If you’re lucky, you’ll also get gravy: make a small hole in mash and fill it with gravy, known in Dutch as a kuiltje jus (little gravy pit).

Stamppot

10. Erwtensoep (of Snert)

Pea soup. Typically made from dried peas, such as the split pea. A bit like English pea soup… but better!

11. Speculaas

Spiced shortcrust biscuit, served around Sinterklaas time. Dutch people go wild for it. You can also get spreadable versions, with a peanut butter kind of consistency. Niet mijn ding. (Not my thing) but each to their own and all that.

12. Hagelslag

… or sprinkles as we call them in England. Not that weird, on top of your ice cream, but the Dutch eat this on bread, with butter, for breakfast!!!!!!!!!!!!!!! If you really want to fit in, give it a go!

Hagelslag

13. Filet Americain

This has a bit of a Marmite reputation: you either love it or hate it (probably more do to with the associated health risks than the taste!) Personally, I bloody love the stuff!

It’s like a steak tartare, but in spread form. A sandwich spread, if you will. Normally served raw on bread with onion, and if you’re feeling a bit fancy – add mayonnaise and a hard boiled egg.

14. Appeltaart

Apple pie is an English thing, dating back hundreds of years but it’s also popular with the Dutch, Swedes and of course the Americans. Dutch appeltaart (apple tart) is hugely popular and a different variation of what you’ve had a home, so worth giving a go!

15. Vlammetjes

One of The Dutchie’s absolute favourites – he missed these loads when we lived in England. Vlammetjes translates as ‘little flames’.  Spicy ground beef enveloped in a little parcel and deep-fried, normally served with sweet chilli sauce. (The things sandwiched between the bitterballen!)

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16. Ossenworst

Originally made of ox meat, hence the name, this raw beef sausage originated in Amsterdam and is often served with Amsterdamse uitjes (Amsterdam onions) which are onions pickled with turmeric or saffron to give them the yellow colouring.

17. Pannenkoeken

Dutch pancakes are much larger and thinner than American or Scotch pancakes. They can come sweet or savoury and are offered with a gazillion topping options.

Pannenkoeken are so popular here that there are tons of dedicated pancake restaurants throughout the Netherlands. The only choice you need to make is what to put on it!

18. Kapsalon 

Try this after the pub, when you’ve had a belly full of beer.

Kapsalon: chips, kebab meat or shawarma with cheese – normally Gouda. It is often served with a dressed salad, garlic sauce and a hot sauce or sambal. In my opinion… the yummiest kebab possible. Kapsalon also means hairdresser or hairdressing salon, after the creator – a hairdresser from Rotterdam!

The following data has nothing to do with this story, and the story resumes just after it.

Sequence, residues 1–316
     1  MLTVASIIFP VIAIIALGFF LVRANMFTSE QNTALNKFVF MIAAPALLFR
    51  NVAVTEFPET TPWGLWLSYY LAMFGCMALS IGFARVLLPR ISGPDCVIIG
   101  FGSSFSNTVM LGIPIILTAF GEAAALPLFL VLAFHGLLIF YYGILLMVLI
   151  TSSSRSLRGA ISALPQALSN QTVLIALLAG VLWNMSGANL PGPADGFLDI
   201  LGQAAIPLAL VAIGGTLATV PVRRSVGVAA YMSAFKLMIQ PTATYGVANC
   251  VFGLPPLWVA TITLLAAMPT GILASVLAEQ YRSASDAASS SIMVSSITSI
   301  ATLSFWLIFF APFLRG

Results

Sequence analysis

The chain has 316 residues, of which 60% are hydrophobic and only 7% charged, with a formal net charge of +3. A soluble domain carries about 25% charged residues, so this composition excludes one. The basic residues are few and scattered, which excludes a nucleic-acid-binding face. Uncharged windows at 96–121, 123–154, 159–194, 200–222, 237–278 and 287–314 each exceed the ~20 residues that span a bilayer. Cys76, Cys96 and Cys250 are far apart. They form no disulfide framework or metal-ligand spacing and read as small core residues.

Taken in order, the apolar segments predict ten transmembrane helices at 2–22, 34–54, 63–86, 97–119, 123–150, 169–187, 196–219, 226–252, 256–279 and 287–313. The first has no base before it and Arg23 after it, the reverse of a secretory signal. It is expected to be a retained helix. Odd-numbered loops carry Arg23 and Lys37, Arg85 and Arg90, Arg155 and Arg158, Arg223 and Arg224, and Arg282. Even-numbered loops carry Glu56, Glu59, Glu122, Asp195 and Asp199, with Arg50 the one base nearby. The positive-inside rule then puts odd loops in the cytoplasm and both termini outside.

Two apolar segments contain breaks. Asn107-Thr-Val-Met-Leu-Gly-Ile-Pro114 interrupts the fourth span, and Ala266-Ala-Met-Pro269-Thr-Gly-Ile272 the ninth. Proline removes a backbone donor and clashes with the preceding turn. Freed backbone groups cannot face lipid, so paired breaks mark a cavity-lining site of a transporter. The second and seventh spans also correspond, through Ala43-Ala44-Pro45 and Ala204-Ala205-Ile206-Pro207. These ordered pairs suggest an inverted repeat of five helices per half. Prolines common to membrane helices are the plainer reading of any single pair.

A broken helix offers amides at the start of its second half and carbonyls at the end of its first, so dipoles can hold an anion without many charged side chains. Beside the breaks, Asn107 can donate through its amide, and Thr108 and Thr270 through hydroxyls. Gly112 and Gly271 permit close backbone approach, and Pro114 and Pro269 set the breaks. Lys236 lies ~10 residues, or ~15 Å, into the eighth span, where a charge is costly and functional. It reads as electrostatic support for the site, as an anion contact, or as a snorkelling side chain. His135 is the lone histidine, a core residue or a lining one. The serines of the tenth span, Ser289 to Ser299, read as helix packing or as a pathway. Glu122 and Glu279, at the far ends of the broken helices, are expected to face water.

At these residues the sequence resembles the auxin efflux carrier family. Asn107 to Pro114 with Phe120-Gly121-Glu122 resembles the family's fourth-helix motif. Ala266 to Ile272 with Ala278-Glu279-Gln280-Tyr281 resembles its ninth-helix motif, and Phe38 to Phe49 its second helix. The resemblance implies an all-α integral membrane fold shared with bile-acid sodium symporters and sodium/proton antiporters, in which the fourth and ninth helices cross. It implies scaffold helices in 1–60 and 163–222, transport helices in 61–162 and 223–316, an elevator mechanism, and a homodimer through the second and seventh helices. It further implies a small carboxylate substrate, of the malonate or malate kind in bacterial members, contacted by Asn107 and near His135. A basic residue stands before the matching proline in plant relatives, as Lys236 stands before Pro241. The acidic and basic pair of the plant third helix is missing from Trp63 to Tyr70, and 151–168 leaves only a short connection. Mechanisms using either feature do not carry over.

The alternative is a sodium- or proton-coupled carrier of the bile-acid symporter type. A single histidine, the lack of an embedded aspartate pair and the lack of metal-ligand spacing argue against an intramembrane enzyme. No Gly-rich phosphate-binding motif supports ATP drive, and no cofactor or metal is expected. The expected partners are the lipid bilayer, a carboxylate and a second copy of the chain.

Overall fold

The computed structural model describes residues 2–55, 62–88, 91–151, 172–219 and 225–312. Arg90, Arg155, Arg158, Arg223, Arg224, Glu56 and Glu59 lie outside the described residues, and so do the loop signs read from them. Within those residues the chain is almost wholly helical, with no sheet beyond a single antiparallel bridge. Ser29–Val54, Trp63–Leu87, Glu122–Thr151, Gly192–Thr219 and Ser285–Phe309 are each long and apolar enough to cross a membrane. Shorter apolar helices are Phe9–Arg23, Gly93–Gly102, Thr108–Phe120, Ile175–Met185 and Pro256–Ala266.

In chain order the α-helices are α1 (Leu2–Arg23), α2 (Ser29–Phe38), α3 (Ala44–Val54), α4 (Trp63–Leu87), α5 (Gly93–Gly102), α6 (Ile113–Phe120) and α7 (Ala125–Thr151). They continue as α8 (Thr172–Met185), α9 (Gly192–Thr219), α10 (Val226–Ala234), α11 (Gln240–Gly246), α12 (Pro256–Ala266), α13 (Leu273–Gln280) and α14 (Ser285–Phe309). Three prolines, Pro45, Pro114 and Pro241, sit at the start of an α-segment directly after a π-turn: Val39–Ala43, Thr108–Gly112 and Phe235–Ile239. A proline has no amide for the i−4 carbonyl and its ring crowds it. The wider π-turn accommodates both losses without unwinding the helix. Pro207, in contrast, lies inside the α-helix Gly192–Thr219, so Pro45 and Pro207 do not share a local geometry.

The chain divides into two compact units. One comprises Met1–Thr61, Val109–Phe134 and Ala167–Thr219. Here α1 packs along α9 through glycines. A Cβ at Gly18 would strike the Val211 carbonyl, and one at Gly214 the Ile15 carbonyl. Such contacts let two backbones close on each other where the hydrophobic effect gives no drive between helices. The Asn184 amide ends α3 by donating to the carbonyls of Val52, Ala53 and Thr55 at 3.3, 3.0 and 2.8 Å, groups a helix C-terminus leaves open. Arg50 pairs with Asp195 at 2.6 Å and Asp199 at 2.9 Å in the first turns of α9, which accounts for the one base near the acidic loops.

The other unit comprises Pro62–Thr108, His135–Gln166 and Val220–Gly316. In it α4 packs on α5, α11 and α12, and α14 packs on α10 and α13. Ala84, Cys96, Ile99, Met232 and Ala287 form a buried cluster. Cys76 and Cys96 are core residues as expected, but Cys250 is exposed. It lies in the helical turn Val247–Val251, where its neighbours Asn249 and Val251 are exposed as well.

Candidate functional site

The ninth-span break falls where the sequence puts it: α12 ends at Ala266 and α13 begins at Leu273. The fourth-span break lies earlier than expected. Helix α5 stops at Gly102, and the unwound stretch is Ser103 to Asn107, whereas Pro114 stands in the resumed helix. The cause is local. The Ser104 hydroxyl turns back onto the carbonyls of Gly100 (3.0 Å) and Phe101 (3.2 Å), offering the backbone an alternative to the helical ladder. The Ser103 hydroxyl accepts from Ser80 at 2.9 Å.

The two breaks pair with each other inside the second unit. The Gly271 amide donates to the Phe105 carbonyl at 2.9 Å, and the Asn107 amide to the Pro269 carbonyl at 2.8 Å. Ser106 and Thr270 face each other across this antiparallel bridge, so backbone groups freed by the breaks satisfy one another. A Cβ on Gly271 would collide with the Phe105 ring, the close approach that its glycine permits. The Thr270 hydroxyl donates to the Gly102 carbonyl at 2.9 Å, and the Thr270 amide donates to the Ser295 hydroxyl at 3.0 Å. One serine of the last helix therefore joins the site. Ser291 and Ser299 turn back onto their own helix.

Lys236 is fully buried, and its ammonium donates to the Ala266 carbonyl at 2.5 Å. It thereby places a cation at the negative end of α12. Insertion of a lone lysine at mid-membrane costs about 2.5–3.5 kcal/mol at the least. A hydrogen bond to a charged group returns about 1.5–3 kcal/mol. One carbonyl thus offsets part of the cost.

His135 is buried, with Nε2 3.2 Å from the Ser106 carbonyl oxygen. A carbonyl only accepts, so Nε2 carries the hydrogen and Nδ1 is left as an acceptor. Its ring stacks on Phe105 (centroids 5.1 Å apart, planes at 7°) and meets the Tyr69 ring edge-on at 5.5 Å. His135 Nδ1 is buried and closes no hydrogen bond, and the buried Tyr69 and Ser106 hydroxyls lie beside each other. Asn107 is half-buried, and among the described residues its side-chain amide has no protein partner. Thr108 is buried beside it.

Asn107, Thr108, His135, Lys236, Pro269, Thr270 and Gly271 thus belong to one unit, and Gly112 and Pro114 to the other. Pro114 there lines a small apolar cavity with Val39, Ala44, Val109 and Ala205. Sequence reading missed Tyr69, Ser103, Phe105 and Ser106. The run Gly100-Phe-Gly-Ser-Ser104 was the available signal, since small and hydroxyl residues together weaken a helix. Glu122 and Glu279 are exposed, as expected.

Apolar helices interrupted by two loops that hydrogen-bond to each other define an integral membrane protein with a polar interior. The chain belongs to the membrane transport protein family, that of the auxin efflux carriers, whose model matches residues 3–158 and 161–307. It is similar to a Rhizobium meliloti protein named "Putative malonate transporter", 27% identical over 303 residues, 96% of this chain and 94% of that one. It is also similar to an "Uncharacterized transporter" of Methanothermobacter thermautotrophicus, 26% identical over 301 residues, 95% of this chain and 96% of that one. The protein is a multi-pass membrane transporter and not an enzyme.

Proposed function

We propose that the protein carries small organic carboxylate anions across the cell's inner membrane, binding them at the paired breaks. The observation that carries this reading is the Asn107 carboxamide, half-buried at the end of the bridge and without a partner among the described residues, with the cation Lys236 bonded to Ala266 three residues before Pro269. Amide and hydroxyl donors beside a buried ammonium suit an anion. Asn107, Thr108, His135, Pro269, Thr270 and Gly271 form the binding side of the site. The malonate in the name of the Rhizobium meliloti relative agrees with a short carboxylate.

19. Kroketten

Similar to bitterballen but cylindrical in shape. (Bitterballen are better.) They come in a variety of fillings: beef, pork, satay sauce (peanut sauce), vegetable, potato, shrimp/prawn… make sure you know what you’re getting as they all look the same! Sold almost anywhere, in supermarkets, restaurants, snack bars and even in McDonald’s.

20. Kaas

The Dutch are famous for their cheese. Obviously – it’s amazing! The best known is Gouda, followed by Edam and Leerdammer (the trademarked name, thought it is often just called Maasdam).

You’ll struggle not to try cheese in the Netherlands… it’s everywhere! The best places to sample different cheeses are specialist cheese shops, or alternatively, most pubs will have cheese on their bar snack menu. Go for the oude kaas (literally: old cheese).

© kaasmisdrijf / Creative Commons / CC-BY-2.5

© kaasmisdrijf / Creative Commons / CC-BY-2.5

21. Smeerkaas sambal

I can’t let the occasion pass without mentioning my personal favourite spreadable substance… ok I lied, that’s Marmite. My second favourite then. Spread cheese with sambal (a hot sauce made from chilli peppers). It’s amaaaaaaazing.

22. Bitterballen

And last but certainly not least… I can’t miss off my precious deep-fried balls of heaven!

THE best borrelhapje (bar snack) imaginable.

(New here? Want to know what bitterballen are?)

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What’s YOUR favourite Dutch food? Anything missing from this list?

Hayley x